French president visits U.S. to discuss relations

Sunday, August 12, 2007
President Bush, left, greets French President Nicolas Sarkozy at the home of former President George H.W. Bush Saturday, Aug. 11, 2007, in Kennebunkport, Maine. (AP Photo/Evan Vucci)

KENNEBUNKPORT, Maine -- President Bush welcomed French President Nicolas Sarkozy on Saturday for a "heart-to-heart" talk on world issues and to repair relations with France.

"We have had disagreements on Iraq in particular," Bush said as the French president arrived at the seaside vacation home of Bush's parents. "But I've never allowed disagreements to not find other ways to work together."

Bush said the two would also talk for 45 minutes on world issues, including Iran, where he wants Sarkozy's aid in halting Iran's pursuit of a nuclear weapon.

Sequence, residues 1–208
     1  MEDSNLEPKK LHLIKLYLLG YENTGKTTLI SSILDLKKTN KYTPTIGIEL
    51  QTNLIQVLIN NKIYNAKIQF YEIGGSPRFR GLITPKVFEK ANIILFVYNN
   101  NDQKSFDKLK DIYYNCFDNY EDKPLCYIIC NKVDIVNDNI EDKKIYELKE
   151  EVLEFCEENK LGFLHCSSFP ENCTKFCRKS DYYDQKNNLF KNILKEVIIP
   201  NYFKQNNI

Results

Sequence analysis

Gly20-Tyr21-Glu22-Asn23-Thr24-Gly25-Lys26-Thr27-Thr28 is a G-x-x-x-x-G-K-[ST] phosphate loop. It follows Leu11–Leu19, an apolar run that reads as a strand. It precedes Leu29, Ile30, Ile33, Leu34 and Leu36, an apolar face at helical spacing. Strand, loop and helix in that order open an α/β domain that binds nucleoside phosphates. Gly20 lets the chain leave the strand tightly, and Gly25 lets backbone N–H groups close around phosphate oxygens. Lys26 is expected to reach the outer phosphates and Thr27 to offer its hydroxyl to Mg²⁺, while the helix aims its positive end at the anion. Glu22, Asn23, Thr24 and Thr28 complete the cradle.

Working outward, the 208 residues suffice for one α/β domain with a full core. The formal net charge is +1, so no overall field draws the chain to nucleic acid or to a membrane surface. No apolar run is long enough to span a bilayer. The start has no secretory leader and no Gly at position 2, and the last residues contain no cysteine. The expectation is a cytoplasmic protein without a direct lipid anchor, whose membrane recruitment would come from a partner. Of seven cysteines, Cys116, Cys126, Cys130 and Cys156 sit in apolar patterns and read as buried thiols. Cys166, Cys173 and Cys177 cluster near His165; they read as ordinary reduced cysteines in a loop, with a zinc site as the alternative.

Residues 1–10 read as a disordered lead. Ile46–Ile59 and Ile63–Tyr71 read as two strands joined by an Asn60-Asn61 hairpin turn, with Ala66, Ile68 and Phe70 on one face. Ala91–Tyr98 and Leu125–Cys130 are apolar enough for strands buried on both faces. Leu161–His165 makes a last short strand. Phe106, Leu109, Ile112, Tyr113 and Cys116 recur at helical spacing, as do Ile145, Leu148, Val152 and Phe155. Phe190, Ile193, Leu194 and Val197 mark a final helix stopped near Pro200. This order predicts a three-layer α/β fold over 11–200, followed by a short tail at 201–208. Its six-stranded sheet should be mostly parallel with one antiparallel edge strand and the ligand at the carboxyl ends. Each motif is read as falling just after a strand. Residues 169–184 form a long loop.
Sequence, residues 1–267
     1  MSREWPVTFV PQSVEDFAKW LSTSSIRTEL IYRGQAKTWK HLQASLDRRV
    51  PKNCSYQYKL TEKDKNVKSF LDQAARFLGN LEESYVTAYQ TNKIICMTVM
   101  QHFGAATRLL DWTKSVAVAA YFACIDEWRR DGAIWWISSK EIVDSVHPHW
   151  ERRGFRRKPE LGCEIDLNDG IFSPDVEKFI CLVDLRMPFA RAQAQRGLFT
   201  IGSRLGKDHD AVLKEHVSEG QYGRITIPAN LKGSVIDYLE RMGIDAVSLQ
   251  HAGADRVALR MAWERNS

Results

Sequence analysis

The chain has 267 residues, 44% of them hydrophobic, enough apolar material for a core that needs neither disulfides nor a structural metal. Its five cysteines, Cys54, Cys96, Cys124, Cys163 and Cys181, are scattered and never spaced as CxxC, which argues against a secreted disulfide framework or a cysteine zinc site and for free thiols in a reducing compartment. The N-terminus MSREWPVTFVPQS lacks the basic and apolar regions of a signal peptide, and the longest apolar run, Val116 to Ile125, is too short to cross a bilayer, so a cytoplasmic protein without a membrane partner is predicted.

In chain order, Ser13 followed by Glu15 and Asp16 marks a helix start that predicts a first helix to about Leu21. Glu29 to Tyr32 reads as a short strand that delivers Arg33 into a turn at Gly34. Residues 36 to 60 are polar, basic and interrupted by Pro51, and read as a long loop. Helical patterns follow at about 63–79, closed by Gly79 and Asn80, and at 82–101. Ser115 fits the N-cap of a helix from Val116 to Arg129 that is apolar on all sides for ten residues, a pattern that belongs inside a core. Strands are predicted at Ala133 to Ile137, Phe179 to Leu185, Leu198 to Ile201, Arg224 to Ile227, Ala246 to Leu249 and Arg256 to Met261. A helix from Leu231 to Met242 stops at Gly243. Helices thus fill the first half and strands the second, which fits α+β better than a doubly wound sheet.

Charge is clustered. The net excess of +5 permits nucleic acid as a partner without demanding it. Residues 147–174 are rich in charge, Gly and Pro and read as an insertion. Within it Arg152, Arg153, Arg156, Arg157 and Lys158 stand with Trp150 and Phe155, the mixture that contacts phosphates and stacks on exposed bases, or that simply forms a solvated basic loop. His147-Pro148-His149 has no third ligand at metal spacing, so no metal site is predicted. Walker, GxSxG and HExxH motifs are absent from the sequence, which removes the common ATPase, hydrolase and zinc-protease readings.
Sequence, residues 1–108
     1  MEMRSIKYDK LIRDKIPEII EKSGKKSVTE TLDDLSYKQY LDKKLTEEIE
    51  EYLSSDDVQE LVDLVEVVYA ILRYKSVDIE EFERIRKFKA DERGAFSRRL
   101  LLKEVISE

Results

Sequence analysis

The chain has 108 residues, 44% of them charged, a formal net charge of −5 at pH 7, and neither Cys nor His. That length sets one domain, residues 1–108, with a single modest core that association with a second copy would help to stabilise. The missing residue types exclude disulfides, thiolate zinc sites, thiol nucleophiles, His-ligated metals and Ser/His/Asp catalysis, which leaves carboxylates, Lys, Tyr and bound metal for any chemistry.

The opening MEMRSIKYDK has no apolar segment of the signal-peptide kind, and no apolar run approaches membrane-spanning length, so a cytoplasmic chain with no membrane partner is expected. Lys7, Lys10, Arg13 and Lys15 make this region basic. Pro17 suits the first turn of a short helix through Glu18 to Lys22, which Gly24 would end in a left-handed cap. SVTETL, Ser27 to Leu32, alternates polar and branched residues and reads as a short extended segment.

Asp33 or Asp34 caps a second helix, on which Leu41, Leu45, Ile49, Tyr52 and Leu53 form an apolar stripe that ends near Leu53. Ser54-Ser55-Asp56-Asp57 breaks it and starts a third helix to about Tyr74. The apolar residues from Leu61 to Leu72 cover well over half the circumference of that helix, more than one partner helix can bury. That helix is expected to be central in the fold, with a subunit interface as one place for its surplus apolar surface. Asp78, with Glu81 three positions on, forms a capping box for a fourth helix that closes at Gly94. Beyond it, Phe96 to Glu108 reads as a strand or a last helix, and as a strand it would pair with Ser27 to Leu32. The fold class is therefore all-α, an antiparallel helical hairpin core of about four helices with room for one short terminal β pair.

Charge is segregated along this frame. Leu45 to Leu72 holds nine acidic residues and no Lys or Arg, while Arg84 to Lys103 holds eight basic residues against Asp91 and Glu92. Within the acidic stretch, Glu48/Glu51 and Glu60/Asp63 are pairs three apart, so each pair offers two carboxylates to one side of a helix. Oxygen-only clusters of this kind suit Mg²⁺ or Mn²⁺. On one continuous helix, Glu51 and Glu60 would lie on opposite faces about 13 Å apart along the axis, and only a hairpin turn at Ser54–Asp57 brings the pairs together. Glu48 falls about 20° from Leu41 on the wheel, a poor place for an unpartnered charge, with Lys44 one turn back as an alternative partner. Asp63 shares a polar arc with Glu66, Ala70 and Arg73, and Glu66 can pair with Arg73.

"We'll have a heart-to-heart talk," Bush said. "We'll be talking about a lot of key issues. The good thing about President Sarkozy is you know where he stands. He can tell you exactly what he thinks. I hope he'd say the same thing about me."

The French president had his own warm words, part of an overt attempt by the leaders of both countries to warm their nations' chilled relations. Sarkozy called the United States a longtime friend, one he admires for trying to spread freedom around the world.

President Bush greeted French President Nicolas Sarkozy on Saturday in Kennebunkport, Maine. (Evan Vucci ~ Associated Press)

"France is friends with democracies, not with dictatorships," Sarkozy said.

"Do we agree on everything? No," he said, an apparent reference to the divisive Iraq war. "Because even in family, there are disagreements. But we are still the same family."

Aides emphasized that the meeting was not viewed as a summit, but a social meal between two world leaders who happen to be vacationing near each other in New England.

In France, Sarkozy caused a considerable stir by opting to be in the United States for his first extended vacation as president. He chose Lake Winnipesaukee in Wolfeboro, N.H., about 50 miles from the rocky shores of the Bush compound known as Walker's Point. Sarkozy said he wanted to see the real America -- small towns and tranquility.

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